Zeroes to Skylines, a link to the past

I thought it might be interesting to break from regular content to discuss an interesting connection to Nissan and the Skyline.

One of my majors in university was modern East Asian history, coupled with me being quite the WW2 nerd it didn’t take long for me to stumble upon the distant relatives to the powerplants of the Skyline.

Tracing back the origins of the Skyline most of you will already know about the Company called Prince Motor Company which gave brith to the Skyline. As you also know they later merged with Nissan bringing their expertise in building racing engines such as the GR6 in the R380 racing car and the S20 engine of the first GTR. Not to forget the Skylines before the GTR who were tearing up Japan’s race tracks. This much most of us hardcore Skyline nerds will know.

Going back further Prince Motor Company (previously named Fuji Precision Machine Co.) and Fuji Heavy Industries (Subaru) were formed from the dissolved Nakajima Aircraft Company following the end of the war. Each company respectively was started by former engineers of Nakajima Aircraft Company.

Nakagawa Ryoichi, a brilliant aerospace engineer. He lead a team at Nakajima Aircraft which was responsible for several key fighter aircraft engines during his time at Nakajima Aircraft was apointed head of engineering at Prince Motor Company and oversaw the design and development of the majority of Prince’s models including the Skyline.

In this post I thought I would bring to light one of the engines Nakagawa’s team, when they were at Nakajima Aircraft worked with. The spiritual decendant of the first Skyline engines, the Sakae 21.

The Zero

The Sakae 21 was indeed the engine mated to the infamous Mitsubishi Zero Fighter. But you must be wondering where is the “Mitsubishi” in the plane if the engine was made by Nakajima Aircraft.

In the late 1930s when the Imperial Japanese Navy (henceforth will be refered to as IJN) was looking for a replacement for the A5M fighter both Mitsubishi and Nakajima were competeing for the tender which Mitsubishi’s design ultimately won out. So the airframe of the Zero is indeed as the aircraft’s name suggests was made and designed in house by Mitsubishi.

Mitsubishi also had their own engine designed for this airframe, the Kinsei engine. However during trials the Navy top brass decided to go with the more powerful solution provided by Nakajima Aircraft, the Sakae 12. These aircraft, designated Model 21. You can think of as the “Zenki” or series 1 of the Zeros (A6M2). They were produced until 1942 meaning they were the model which conducted the Pearl Harbour mission. I could not find any information on whether Nakagawa or his team designed or worked on this engine.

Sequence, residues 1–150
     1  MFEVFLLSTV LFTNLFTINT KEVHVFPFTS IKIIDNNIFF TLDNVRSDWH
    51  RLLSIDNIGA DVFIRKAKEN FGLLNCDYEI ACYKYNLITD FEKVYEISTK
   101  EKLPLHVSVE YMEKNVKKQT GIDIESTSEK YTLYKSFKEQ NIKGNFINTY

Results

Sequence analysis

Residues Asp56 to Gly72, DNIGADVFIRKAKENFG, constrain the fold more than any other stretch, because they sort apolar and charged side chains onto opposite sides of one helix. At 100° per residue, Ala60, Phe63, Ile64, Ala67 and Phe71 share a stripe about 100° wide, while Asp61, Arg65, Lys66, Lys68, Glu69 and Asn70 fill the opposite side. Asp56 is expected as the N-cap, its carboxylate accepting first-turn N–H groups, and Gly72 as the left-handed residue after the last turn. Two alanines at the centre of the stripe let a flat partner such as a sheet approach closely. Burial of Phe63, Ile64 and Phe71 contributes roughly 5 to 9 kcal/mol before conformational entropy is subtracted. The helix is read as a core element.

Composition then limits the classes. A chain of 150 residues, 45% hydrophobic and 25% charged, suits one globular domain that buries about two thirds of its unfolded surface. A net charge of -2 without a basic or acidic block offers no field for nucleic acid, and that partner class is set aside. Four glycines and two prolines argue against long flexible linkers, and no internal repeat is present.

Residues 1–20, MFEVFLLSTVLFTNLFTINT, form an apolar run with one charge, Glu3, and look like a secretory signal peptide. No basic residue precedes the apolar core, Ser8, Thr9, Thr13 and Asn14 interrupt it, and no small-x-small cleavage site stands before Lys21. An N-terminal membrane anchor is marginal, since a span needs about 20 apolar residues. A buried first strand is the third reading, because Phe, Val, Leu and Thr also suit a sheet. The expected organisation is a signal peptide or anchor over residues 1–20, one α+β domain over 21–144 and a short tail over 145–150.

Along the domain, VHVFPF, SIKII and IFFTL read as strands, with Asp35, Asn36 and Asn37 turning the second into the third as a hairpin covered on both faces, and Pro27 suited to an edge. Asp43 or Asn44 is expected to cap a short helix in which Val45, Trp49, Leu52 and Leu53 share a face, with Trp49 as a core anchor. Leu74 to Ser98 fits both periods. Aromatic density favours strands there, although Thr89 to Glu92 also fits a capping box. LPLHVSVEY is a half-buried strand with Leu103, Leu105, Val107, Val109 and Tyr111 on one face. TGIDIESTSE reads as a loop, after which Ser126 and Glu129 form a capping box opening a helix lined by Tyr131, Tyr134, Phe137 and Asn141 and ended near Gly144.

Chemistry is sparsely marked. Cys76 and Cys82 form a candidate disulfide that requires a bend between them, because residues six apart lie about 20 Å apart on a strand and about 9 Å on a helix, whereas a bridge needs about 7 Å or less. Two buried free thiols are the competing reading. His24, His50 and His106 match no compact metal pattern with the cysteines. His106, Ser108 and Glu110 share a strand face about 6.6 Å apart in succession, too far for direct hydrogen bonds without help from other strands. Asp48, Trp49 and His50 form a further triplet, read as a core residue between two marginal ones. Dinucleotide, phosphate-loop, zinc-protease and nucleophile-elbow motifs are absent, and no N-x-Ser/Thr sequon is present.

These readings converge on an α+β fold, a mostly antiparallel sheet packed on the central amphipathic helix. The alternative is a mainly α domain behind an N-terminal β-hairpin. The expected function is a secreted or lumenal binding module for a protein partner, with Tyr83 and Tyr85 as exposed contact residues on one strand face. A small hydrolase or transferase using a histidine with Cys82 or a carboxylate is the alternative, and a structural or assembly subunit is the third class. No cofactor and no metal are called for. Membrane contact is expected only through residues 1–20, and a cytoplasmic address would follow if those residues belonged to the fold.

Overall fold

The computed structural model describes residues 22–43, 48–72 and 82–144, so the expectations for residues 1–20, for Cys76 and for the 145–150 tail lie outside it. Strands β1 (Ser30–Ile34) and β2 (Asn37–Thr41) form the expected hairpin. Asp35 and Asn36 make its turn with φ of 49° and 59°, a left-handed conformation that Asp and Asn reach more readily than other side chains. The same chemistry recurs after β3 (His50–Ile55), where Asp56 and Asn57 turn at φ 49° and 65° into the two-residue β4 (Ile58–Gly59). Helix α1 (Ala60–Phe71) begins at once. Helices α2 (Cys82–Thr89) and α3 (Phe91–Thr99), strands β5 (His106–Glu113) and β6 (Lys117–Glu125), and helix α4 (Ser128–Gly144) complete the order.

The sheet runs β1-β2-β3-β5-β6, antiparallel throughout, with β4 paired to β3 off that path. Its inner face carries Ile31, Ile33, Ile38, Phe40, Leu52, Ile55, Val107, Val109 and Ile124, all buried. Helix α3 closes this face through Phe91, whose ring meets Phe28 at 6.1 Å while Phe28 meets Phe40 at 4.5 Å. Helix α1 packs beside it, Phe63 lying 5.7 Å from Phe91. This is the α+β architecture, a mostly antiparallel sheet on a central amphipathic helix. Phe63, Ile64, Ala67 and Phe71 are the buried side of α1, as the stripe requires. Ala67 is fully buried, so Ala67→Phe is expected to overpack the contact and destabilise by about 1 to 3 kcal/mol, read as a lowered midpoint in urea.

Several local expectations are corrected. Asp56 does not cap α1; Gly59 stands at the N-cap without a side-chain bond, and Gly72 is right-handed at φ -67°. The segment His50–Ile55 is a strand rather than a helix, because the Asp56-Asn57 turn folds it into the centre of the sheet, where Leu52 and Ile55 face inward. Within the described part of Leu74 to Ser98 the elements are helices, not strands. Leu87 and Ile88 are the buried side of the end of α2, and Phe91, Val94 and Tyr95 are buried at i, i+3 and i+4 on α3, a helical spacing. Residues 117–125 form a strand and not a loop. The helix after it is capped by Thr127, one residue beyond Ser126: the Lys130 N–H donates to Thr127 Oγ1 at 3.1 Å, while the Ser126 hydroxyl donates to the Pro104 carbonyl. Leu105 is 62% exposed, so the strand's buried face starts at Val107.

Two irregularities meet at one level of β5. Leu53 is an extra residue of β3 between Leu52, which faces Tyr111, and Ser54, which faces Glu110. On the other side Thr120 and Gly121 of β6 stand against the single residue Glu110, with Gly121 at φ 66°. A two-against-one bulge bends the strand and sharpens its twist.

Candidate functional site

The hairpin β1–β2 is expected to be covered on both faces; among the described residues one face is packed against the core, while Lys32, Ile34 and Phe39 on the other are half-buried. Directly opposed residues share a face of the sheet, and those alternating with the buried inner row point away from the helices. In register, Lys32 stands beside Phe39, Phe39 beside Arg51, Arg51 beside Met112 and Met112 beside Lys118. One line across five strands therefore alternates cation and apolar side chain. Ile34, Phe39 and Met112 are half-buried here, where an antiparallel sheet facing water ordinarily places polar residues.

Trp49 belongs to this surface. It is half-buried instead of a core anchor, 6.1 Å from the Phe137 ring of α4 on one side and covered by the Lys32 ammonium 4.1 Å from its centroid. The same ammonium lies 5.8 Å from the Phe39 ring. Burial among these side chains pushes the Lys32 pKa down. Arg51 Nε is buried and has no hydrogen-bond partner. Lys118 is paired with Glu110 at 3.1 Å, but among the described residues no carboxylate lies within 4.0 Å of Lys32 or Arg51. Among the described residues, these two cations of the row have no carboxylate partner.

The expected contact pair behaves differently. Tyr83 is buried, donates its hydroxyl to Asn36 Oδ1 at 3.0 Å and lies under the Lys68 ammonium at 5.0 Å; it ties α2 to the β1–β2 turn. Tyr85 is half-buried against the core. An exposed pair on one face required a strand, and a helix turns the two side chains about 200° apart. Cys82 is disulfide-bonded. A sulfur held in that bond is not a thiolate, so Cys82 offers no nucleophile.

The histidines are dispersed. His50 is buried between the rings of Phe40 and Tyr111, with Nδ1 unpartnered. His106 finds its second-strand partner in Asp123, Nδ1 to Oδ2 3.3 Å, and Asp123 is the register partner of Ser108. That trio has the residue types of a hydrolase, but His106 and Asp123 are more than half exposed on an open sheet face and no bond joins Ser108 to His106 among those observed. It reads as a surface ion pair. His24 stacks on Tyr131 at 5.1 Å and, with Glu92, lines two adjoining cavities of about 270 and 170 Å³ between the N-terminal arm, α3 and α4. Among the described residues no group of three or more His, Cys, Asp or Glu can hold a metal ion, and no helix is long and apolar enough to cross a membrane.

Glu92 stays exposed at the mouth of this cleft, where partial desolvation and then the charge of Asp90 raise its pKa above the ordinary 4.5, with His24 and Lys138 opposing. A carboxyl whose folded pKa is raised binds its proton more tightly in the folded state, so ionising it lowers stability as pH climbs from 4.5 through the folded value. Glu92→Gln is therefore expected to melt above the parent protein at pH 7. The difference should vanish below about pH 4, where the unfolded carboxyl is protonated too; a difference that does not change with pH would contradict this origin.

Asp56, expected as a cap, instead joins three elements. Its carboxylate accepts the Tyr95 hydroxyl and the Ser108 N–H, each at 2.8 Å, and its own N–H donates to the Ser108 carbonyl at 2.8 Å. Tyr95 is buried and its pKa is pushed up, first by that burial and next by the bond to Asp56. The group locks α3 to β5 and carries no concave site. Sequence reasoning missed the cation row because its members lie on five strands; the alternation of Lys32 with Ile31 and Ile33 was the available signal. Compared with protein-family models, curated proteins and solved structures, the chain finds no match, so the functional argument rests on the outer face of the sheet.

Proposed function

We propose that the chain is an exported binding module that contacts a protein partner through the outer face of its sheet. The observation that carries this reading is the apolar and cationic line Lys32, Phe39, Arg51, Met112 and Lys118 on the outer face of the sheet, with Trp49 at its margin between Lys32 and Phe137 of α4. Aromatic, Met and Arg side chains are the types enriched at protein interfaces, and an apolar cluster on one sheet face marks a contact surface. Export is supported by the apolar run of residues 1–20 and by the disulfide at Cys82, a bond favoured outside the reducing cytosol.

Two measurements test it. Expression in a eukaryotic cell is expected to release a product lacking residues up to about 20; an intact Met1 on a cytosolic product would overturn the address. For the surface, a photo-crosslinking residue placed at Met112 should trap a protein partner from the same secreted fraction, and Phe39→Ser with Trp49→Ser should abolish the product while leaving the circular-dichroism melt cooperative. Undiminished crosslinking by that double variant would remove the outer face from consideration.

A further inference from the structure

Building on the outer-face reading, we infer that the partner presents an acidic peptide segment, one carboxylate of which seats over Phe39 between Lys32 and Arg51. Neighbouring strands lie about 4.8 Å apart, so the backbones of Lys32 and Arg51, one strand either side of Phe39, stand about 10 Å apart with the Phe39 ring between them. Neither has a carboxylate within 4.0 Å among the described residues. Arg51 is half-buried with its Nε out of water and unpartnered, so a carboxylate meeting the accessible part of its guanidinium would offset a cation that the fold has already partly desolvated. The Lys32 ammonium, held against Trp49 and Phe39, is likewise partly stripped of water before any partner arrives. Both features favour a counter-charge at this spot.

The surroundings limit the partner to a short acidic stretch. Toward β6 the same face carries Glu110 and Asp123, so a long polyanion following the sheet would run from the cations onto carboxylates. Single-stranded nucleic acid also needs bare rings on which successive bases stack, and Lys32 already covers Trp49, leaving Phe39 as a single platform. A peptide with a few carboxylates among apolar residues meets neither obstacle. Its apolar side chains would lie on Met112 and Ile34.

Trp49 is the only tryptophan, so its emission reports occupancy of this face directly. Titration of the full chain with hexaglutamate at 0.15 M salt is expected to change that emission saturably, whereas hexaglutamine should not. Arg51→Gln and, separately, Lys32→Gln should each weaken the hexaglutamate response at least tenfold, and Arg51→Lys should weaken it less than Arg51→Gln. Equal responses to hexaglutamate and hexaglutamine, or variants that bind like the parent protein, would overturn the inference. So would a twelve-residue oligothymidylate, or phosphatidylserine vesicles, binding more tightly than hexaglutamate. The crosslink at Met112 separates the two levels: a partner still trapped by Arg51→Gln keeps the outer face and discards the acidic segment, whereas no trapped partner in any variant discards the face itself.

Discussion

The zero saw a period of low performance with the subsequent models following the 21. Even with the introduction of the Sakae 21 equipped model entered service in 1942 with brought little advantage over the initial Model 21 with the Sakae 12.

I believe Nakagawa’s team only were involved in the later iterations of this engine. The model 52 Zero (A6M5), which is often agreed as being the best generation of Zero with a revised Sakae 21.

The above photo and the following were taken by yours truly. There is a A6M5 (Model 52) on display at the Military Museum in Tokyo.

The above document details the difference between the Model 21 and 52. Chief among the changes was a redesign of the exhaust outlets to face rearwards to forming a ring just infront of the leading edge of the wings. This slight rearward thrust generated by the exhaust along with the increase in horsepower from the revised engine increased the maximum speed to 565kph.

The silver sticking out bits are the new design exhaust system. Not the one near the landing gear housing is shortened to prevent the tyres from being heated by the exhaust.

Mitsubishi were not entirely responsible for the manufacturing of the airframe of the Zero by this stage and production was divided between them and Nakajima.

This was actually my first time seeing a WW2 aircraft in the metal and I was surprised at how large it was.
Main armament was Type 99 22mm cannons mounted one on each wing. This example is from a Model 22 Zero.
600 meters per second muzzle velocity and 100 round capacity drum.

It is amazing how expertise can transfer from one industry to the other. Aerospace -> Automotive or Maritime -> heavy industry. In that sense the Sakae 21 engine of the Zero can be thought of as the grand father of the first Skyline and R380 engines. Work on this engine was not Nakagawa’s final work in the aerospace industry, there was one more engine/aircraft which he played a bigger part in which was an unsung masterpiece of a fighter aircraft at the time but that is a a story for another time…


I have not done full academia style referencing but here a few papers I used for reference.